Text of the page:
Since my return to work on Thursday January 2nd, I’ve observed an interesting thing: there’s a lot less kissing going on in the office. I contribute this to the Me Too movement. If this is indeed a change towards something new, then I liken the trend to the demise of topless sunbathing … a quaint custom practically inexistent now.
In past years, the first few days of January were spent in a flurry of “Bonne Années!” and cheek-kissing. As I wrote in my blog post six years ago – “Being Anglo-Saxon, as I’m called here, I’ve never been a fan; I prefer a swift, no-nonsense handshake.”
Flash forward six years: when a male colleague exclaims “Bonne Année!“, the women hold back, their body language suggesting that they wish to keep a comfortable distance. The new decade is all about personal space and an increased awareness of boundaries. Believe it or not, and despite the image of France being a nation of anarchists, French society is still freighted with cultural codes, rules of behavior, and a certain pressure to conform to the traditional way of doing things. This includes the way people greet one another, an important practice here. So this ‘holding back’ and signalling that they prefer not to kiss, is new to Frenchwomen. I applaud their attempts to change and develop new behavior patterns.
As for me, I returned to work and approached one and all with a smile on my face, a greeting of “Bonne Année!“, and my hand outstretched, ready to shake.
Here’s the blog post I wrote six years ago on January 4, 2014 –
And the paradox is that despite their reputation for being oftentimes rude or standoffish, the French are actually quite festive and sentimental. Nowhere has this been more apparent than during these past four days – it’s almost as if they’ve been waiting for January 1st to roll around so they can cry out “Bonne Année!” to one and all.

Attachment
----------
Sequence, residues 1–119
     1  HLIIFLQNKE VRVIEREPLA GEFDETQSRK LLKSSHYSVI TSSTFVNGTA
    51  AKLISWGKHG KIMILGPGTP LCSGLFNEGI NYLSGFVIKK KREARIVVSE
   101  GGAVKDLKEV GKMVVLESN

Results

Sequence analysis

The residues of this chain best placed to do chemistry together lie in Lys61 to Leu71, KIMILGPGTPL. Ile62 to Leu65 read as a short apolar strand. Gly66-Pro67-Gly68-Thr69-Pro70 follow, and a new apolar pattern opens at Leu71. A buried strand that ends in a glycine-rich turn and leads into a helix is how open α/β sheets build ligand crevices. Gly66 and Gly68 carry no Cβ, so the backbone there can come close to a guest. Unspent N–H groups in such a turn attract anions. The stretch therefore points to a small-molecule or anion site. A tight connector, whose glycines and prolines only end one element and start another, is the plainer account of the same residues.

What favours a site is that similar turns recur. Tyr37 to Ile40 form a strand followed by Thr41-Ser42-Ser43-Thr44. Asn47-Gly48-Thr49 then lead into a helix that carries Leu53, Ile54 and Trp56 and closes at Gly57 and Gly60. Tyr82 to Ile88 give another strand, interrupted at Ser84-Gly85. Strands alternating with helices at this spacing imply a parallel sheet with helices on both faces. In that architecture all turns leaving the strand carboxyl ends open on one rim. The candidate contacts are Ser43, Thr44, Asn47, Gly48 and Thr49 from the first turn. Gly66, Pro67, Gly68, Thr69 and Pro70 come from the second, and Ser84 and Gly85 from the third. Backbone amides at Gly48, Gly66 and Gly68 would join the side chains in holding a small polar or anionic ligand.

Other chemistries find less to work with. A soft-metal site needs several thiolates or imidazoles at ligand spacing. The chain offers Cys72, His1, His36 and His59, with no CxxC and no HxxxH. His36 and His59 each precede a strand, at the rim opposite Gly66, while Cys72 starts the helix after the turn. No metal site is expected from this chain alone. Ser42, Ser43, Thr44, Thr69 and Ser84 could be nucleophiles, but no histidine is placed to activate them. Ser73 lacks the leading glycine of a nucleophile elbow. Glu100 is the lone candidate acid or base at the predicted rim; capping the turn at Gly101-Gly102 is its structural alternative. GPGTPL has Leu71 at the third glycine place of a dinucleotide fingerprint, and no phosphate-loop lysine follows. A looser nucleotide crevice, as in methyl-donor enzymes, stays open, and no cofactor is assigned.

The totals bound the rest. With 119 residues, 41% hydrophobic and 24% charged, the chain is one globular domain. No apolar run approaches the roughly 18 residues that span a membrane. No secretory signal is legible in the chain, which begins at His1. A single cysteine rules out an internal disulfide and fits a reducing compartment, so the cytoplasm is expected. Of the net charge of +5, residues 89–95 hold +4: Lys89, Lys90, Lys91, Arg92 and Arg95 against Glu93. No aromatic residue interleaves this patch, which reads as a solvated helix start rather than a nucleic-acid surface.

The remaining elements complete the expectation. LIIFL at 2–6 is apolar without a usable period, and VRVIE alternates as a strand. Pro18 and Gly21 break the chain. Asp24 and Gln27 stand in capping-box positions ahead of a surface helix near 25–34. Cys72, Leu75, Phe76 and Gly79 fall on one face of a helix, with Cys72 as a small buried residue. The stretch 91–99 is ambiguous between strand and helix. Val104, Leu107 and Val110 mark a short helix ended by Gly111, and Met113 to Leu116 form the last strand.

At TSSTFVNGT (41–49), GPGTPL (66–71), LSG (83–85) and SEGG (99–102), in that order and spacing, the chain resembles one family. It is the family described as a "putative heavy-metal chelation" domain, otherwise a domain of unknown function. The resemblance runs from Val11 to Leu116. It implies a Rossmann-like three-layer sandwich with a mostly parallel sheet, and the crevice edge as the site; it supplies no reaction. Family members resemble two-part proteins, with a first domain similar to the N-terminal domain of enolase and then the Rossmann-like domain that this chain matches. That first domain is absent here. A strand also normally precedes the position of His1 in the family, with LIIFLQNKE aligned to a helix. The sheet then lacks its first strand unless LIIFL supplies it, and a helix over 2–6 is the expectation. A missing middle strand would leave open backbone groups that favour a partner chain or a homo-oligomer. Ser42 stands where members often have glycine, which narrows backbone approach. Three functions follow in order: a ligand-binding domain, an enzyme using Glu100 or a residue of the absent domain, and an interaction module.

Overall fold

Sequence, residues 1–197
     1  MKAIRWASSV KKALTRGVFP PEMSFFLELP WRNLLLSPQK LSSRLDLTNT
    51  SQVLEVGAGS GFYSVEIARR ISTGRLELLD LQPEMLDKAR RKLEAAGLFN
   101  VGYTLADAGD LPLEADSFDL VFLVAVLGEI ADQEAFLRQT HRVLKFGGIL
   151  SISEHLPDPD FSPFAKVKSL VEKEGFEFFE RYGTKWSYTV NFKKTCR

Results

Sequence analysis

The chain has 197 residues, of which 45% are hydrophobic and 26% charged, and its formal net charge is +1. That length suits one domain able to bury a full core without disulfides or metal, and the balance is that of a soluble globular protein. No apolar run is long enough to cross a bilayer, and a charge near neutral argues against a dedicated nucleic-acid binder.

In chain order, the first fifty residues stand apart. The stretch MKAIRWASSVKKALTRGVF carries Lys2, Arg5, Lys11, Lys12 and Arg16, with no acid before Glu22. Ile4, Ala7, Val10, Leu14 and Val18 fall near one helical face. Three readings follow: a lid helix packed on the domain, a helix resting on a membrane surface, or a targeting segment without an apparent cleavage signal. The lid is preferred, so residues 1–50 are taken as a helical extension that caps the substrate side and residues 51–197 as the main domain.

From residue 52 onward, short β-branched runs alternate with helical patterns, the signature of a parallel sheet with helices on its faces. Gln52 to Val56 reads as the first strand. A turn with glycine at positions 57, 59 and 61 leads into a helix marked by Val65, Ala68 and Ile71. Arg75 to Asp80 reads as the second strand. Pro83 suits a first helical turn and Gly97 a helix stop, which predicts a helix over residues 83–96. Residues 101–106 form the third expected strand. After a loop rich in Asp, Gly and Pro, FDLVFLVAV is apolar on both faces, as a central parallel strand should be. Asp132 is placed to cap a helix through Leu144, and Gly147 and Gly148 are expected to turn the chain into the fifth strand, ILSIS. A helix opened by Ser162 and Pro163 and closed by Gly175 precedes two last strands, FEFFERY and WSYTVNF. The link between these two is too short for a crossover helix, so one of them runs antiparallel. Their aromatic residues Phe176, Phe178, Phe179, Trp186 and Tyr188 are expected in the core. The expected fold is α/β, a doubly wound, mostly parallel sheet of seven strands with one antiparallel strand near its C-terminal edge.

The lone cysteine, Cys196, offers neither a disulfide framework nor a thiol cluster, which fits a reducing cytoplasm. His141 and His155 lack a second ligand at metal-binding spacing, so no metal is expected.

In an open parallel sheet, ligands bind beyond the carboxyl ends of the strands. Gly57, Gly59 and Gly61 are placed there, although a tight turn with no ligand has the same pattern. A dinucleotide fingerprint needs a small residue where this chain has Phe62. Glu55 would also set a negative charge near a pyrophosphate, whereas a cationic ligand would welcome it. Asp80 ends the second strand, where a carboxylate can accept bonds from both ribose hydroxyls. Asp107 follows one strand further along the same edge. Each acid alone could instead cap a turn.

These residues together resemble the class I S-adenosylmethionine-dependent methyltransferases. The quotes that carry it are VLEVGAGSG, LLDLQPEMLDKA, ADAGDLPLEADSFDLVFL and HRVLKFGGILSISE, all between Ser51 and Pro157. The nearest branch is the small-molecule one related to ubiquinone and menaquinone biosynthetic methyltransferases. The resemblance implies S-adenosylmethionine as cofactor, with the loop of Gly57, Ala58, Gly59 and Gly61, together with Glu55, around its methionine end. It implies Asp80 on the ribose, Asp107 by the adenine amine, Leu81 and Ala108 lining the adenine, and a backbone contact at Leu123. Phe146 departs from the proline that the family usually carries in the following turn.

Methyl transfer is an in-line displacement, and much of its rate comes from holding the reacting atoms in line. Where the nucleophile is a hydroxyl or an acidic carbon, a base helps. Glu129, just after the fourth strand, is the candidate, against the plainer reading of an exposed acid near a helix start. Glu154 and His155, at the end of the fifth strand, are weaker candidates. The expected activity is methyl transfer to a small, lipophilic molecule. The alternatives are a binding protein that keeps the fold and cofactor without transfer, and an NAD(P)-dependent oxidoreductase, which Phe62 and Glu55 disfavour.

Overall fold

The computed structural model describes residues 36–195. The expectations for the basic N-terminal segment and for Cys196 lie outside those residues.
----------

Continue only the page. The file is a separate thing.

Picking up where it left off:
I’ve just spent these last few days exchanging New Year’s greetings with every living person that has crossed my path. If dogs could speak, we would’ve bid one another a happy and healthy New Year.
“Bonne Année!” (Happy New Year!)
“Meilleurs voeux!” (Best wishes!)
“Bonne Année, Bonne Santé…surtout la santé!” (Happy New Year, Good Health… especially health!)
It’s nice. Very nice. But I’m exhausted. I’m not used to all this Parisian exuberance. It started with neighbors in my building followed by the postman then the concièrge and then the café owner and his wife on the corner and then the streetsweepers as they stood on the corner knocking back espressos from the café and having a smoke. Even our local homeless person had something salutary to say. And that was just on my way to work. Once at the office, things really heated up.
“Meilleurs voeux!” exclaimed my boss, leaping from her chair when I walked in on Monday morning. I stood in the doorway of her office. Was she going to shake my hand or kiss me? There’s always that awkward moment when you don’t know whether to stick out your hand or proffer your cheek. The best action to take is to just stand there and let them take charge. Thank goodness Parisians only kiss twice, once on each cheek, as opposed to three or four like they do in the nether regions of France.
It’s funny, this kissing thing. Being Anglo-Saxon, as I’m called here, I’ve never been a fan; I prefer a swift, no-nonsense handshake. I’ve just had a thought … maybe it’s me who’s standoffish?